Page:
As the ultimate private institution, the family is a stubborn obstacle to the great collective effort. Insofar as people invest in their own families, they are holding out on the state and unacceptably privileging their own kids over the children of others. These parents are selfish, small-minded, and backward. “Once it’s everybody’s responsibility,” Harris-Perry said of child-rearing, “and not just the households, then we start making better investments.”

Don't avert your eyes, Gentle Reader. Yes, it's upsetting to confront this much hatred of privacy, parental rights, and Americanism generally. Condemn it and its promoters, by all means...but don't deny, to yourself or anyone else, that it's out there, bold, brassy, and in quantity, at that.

3. Oh, to be an illegal alien!

They do seem to get a lot of breaks, don't they:

Howard is a tax examiner at the IRS’s ITIN processing center in Austin, Texas.

The large, unmarked building in south Austin is where the IRS decides whether to issue an Individual Taxpayer Identification Number to the millions of illegal immigrants who apply for them. An ITIN allows undocumented workers to file tax returns and pay taxes, a legal requirement for those who earn income in the United States … even those who come to the country illegally.

But 13 Investigates discovered the ITIN system is plagued by abuse and fraud.

. . . .

“We were being told by upper management to ignore fraud, to assign ITIN numbers and … pay out refunds to people who are lying,” Howard explained. “It’s a license to steal when you allow that.”

Howard and five other tax examiners at the ITIN processing center in Austin all told WTHR the same thing: for years, IRS managers have instructed them to “look the other way” while processing ITIN applications that appear to be filed fraudulently – even when those applications contain clear signs of criminal activity.

For example, Howard received a stack of ITIN applications for dozens of children attending the same school in South Carolina. (Adult tax filers can request an ITIN for a child if they want to claim that child as a dependent in order to get child tax credits and a larger tax refund.) When he researched that school, he discovered it didn’t even exist. When Howard reported the apparent scam to his bosses, he claims his managers ordered him to approve the applications anyway.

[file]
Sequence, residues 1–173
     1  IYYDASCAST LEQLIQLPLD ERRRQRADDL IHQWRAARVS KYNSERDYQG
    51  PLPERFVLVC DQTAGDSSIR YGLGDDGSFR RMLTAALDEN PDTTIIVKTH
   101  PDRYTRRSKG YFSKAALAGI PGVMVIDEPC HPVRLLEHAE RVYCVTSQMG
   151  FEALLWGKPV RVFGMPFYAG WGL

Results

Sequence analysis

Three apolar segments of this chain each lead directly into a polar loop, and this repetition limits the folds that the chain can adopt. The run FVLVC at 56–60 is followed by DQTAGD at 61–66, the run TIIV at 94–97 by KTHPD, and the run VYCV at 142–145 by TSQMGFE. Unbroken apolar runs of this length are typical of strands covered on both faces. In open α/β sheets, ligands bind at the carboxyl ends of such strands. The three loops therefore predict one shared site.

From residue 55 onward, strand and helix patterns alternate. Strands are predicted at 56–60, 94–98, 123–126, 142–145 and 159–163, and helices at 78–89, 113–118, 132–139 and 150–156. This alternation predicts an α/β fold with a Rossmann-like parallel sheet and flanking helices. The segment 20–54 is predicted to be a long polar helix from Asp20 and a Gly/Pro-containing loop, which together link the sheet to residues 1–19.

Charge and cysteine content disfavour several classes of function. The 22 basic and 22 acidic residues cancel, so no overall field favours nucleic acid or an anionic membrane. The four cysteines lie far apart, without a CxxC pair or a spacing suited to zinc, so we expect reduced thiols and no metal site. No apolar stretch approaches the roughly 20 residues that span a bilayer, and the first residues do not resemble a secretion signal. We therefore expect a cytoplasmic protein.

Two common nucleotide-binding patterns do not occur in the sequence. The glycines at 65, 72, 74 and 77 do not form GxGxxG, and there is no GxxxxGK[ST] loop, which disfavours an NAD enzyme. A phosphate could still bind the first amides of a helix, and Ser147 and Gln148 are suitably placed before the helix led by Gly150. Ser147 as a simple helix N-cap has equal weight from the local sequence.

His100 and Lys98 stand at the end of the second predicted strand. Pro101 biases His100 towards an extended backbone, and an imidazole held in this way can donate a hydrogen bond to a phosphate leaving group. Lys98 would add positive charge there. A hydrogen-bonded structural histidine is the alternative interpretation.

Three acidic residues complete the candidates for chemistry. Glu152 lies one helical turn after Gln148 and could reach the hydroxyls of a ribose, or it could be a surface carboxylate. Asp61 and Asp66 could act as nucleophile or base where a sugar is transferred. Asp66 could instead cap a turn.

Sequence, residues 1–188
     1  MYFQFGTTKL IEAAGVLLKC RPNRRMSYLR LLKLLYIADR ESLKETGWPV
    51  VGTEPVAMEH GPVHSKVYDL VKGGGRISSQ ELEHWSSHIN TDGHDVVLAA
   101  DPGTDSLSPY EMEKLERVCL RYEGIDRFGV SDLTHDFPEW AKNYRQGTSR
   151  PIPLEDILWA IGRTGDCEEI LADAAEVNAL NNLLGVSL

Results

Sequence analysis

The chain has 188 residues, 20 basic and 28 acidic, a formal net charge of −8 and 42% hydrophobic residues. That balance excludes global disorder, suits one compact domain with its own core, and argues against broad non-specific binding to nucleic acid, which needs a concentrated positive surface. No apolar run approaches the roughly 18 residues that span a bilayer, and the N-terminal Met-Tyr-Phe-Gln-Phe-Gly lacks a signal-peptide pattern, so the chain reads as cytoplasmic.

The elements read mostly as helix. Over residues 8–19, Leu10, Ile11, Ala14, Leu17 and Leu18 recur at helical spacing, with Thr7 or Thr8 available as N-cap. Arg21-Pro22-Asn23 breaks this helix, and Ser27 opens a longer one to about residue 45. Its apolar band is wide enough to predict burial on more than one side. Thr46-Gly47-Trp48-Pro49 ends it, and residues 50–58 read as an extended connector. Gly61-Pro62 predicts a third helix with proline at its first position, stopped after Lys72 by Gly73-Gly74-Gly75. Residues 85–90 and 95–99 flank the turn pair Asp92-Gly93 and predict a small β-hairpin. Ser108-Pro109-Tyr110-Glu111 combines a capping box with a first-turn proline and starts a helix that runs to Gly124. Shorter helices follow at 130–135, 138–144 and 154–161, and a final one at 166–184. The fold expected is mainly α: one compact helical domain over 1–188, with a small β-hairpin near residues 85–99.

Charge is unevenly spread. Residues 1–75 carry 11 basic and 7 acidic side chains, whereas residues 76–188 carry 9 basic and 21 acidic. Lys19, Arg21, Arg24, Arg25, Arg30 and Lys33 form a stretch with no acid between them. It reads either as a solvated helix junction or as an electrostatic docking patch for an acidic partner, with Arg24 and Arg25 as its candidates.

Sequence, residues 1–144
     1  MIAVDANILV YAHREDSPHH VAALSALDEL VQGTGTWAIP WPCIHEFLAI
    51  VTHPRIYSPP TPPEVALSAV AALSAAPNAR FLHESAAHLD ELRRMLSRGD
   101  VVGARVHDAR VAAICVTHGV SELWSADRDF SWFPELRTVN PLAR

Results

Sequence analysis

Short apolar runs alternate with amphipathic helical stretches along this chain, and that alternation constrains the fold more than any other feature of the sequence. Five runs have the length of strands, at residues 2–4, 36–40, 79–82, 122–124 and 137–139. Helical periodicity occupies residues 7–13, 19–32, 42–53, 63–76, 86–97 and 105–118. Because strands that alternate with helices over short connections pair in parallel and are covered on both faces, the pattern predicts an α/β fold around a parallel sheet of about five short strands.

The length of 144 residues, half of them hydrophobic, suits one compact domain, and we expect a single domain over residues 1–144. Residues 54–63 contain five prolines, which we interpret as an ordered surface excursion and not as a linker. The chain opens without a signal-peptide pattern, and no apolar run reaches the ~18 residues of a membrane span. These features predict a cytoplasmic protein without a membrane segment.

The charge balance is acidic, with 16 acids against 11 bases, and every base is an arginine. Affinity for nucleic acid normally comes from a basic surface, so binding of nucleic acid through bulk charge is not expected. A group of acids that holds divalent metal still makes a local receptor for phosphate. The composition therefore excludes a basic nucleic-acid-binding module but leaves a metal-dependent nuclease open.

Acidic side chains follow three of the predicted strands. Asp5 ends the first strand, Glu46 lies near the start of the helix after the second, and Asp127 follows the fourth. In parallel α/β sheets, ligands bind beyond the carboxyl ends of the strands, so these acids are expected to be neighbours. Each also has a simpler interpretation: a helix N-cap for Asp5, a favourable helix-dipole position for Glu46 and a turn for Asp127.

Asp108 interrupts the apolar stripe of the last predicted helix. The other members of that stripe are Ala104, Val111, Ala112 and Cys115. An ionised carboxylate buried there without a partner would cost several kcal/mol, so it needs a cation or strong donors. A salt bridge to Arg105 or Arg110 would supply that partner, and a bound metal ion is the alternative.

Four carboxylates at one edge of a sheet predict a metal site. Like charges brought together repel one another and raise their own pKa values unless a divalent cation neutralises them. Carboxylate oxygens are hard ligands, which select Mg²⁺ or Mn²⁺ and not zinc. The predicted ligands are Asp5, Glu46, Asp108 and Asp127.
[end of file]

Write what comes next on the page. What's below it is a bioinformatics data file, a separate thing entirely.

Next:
Courtesy of Patterico's Pontifications.

4. Book Notes.

I've been in correspondence with Jodi Taylor, the delightful author of the equally delightful Just One Damned Thing After Another, and just this morning she's informed me that the sequel, which will continue the action-filled saga of the intrepid historians of St. Mary's, is near to completion. However, that book will have a price -- "a small charge" -- so start saving your lunch money now.

Apropos of which, for those of you slavering uncontrollably over the prospect of a sequel to Freedom's Scion, I'm about 15% done with the first draft, and Gentle Reader, my characters have already stolen the plot from me. Oh, for some sort of digital scourge with which to punish the creations of my mind for their flagrant insubordination! But they'd probably find a way to wrest it away and use it on me.


Heisenbug said...

Re: the characters of Freedom's Scion: it serves you right for creating such capable and intelligent characters! ;-)

pdwalker said...

Great news about Jodi.

As for your misfortune, all I can do is laugh. When the writer doesn't know where the story is headed exactly, it promises to be an interesting journey.

PS: your characters are probably angling you towards documenting another episode of their lives.